“I have a right to my brother’s things.”

Jake nodded, his eyes searched mine, held them. “I know you do.”

Taking a deep breath, I climbed out of the car and reached into the back seat for two cardboard boxes. I followed Jake along the side of the bunkhouse building. We passed dirt brown doors evenly spaced and numbered with peeling black and gold stickers.

Nearing bunkhouse G3, Jake put his arm out, his hand going to the sidearm at his hip. The door hung from its hinges, the smell of urine fanned out from the doorway assaulting me. Jake shined his flashlight into the room then stepped back out.

“They wrecked it,” he said quietly. “Nothing left.”

Shaking my head, I took a step forward and peered into my brother’s room. The cardboard boxes fell from my hands to the dirty cement floor. I took in the room with teary eyes and clenched fists.

His books, torn pages scattered on the floor, looked trampled and wet. The urine stench floated in the room like a toxic miasma gagging me and forcing my hand to my mouth. Randy’s clothes, their shredded remains, tossed on the floor and furniture like dirty confetti. I ran my eyes over the broken remains of my brother’s life and shook from head to toe.

“They p-peed on his things,” I whispered.

Jake put his hand out to me, but I stepped away from him. Turning in the room slowly, my eyes grazed the wall over the door and I froze. Red spray paint scrawled out what my brother meant to these people; who my brother was to the world.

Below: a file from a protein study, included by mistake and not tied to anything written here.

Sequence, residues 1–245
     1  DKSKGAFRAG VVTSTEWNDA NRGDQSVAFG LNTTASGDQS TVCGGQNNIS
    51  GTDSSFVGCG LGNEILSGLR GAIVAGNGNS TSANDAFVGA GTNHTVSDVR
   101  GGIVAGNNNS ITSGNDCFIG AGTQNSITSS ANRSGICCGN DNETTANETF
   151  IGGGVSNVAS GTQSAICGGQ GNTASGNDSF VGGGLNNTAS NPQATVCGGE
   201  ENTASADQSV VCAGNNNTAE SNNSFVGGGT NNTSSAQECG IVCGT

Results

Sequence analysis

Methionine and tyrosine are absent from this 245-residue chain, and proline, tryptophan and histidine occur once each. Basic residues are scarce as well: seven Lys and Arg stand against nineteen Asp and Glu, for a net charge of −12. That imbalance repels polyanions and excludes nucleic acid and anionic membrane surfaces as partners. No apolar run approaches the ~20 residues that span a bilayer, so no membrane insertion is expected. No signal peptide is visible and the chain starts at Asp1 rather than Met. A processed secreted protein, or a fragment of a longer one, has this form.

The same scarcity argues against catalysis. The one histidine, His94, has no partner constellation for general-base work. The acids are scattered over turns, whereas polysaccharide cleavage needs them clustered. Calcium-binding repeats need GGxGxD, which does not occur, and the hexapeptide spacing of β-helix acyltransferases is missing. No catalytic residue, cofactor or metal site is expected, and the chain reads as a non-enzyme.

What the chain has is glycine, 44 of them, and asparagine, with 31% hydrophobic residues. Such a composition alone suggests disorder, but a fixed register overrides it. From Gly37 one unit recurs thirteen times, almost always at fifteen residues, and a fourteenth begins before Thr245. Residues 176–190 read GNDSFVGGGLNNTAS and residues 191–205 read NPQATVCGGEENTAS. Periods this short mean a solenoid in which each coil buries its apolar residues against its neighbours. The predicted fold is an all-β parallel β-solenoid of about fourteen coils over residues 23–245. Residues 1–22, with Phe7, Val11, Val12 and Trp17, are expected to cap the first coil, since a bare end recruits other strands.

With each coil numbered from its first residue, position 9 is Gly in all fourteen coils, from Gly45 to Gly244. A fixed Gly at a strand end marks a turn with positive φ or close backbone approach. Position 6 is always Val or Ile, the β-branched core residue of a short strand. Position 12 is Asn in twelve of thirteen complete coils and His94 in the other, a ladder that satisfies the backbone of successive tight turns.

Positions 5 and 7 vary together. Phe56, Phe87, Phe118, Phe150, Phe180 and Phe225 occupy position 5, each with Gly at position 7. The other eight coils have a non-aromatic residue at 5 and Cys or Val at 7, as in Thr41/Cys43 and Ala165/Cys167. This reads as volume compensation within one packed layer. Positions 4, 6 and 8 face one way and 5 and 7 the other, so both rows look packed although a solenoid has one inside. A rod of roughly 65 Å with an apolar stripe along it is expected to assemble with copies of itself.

My fingers found the corner of the envelope jutting out from my pocket and my brother’s desperate words flashed in my mind.

I’m in over my head, sis. I don’t know how to stop this.

Jake watched me silently and I shoved the corner of the letter back down into my pocket.

“Why’d you come back here, Riley?” Jake asked. “Why do this to yourself?”

I wanted to tell him about the letter. I wanted to let him know what I intended to do, but I couldn’t tear my eyes from the violent accusation dripping down the wall.

“Because I promised I would,” I whispered.

Jake looked at me, his expression perplexed. “They hate you, Riley. They all do.”

I nodded but didn’t answer. It didn’t matter what they thought.

I knew one true thing. I failed Randy before. I wouldn’t do it again. One way or another, I would make things right.

That is the end of my first chapter. Riley is just getting started with all the trouble she's going to cause...Hope you check back on her later.

Until next time...Go Write!

 Photograph by wheat_in_your_hair.  Photograph by dawgbyte77.